Welcome to part one of our two part series on Angular code coverage for Cypress tests. As I have implemented more automated tests, one of the must haves for me is code coverage reports. Code coverage allow me to quickly and easily see which lines of the code are not being tested so I can close any critical testing gaps. Today, I am going to be talking specifically about how to implement code coverage for an Angular project that was generated from the Angular CLI.
Being able to schedule a post is one of the features that I miss when using Hugo for a site.
Out of the box, Hugo has no way to schedule a post as it is a static site generator which means that when you build the site the html is generated and only updated when you build the site again.
The manual workaround for the scheduling of post is to create a published post with a future date on it and then on that day, rebuild and redeploy your site. Even though this works, it depends on me to remember to do it vs it being automatic which is what I personally want. I do not want to have to remember to build and deploy the site on the day that I want a post to be published. If it depends on me, then changes are that I am going to forget or get busy and the post won’t get published when it is supposed to be.
Luckily, since I am already using Netlify to build my Hugo site and with the code for the site residing on Github, I can easily create a scheduled Github action that triggers the Netlify build for me.
Since the Angular CLI was released it has included linting using the
ng lint command. With the release of Angular v11 it was announced that tslint which
ng lint used behind the scenes for the linting was being replaced with eslint.
To make the migration to eslint easier for your existing project they created a couple of tools that automate almost the whole migration process for us.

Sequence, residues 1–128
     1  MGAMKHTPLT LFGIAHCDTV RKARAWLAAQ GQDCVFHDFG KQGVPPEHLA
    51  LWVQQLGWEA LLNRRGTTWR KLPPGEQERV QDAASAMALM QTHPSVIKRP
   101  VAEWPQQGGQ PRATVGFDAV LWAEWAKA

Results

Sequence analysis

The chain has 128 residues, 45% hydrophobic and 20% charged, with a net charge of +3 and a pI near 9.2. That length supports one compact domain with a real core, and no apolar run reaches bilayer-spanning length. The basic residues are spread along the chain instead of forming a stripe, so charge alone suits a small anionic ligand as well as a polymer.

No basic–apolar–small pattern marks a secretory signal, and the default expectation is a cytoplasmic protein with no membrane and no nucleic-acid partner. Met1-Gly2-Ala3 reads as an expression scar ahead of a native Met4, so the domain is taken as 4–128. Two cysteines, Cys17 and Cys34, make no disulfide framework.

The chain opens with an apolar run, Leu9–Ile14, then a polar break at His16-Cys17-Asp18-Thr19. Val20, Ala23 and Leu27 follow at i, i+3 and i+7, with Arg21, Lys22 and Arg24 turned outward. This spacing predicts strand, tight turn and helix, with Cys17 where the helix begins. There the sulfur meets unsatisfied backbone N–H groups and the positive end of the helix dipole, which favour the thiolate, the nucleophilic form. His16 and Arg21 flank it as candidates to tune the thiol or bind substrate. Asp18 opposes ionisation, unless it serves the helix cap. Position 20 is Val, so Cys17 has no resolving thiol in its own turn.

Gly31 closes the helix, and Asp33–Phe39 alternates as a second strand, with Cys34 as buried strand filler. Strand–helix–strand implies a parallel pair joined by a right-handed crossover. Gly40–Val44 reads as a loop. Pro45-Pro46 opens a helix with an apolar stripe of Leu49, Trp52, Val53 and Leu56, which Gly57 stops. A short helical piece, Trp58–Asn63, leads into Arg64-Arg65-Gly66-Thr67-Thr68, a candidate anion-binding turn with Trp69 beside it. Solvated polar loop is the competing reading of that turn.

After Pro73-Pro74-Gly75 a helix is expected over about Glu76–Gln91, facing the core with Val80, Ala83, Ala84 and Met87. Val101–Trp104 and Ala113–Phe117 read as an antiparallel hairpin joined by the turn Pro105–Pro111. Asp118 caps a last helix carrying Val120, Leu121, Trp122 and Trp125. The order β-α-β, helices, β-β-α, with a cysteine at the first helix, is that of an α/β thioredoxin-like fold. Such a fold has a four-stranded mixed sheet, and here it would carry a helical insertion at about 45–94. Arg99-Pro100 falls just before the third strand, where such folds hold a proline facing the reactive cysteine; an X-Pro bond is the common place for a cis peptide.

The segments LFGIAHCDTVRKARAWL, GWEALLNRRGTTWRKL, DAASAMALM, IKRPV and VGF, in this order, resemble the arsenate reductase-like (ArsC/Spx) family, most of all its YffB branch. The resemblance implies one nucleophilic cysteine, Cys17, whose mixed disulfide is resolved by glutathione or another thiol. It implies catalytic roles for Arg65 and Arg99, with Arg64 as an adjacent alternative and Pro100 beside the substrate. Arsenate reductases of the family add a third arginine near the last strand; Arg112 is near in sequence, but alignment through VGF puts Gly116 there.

I was able to finish the migration start to finish in about 30 minutes.
In your Angular application if you are using RxJS Debounce and running Cypress test you may have run into times that your tests are not consistently getting past the debounce wait time and appear like they are flaky tests.
Debounce is a way to wait X number of milliseconds for something to happen before continuing such waiting for a user to stop typing in a field before making an API call. This way you are not making an API call for each character typed into the field.
In Cypress, you could just use a wait statement to get past the debounce time but adding time based wait statements in Cypress is an anti-pattern.
Instead in Cypress you should use the
cy.clock() and cy.tick() commands to be able to forward the virtual time and cause debounce to fire. However, I found it was not consistently getting past the debounce. RxJS was acting like we had not waited for the debounce time.
Luckily, after much troubleshooting the solution ended up being quite simple and only involved test code changes.
Recently, on my build servers, the Chrome version update to Chrome 95 and all of a sudden my automated builds stopped being able to communicate between Cypress and Chrome and would instantly cause Cypress to crash on the 1st test when using
cypress run. We could login to the machine and run all of the tests using Chrome as a headed browser but anytime we tried to use Chrome as a headless browser it would instantly fail the build on the 1st tests.
We have seen other random issues like this show up with Chrome updates in the past and previously the fix was to disable the Chrome auto-update feature and then install a previous version of Chrome. This was a hack though as there is no supported way to downgrade Chrome.
Thankfully, there is an easier way by using a custom browser when running Cypress. Cypress even maintains a Chromium repository so that you can easily download previous versions of Chrome.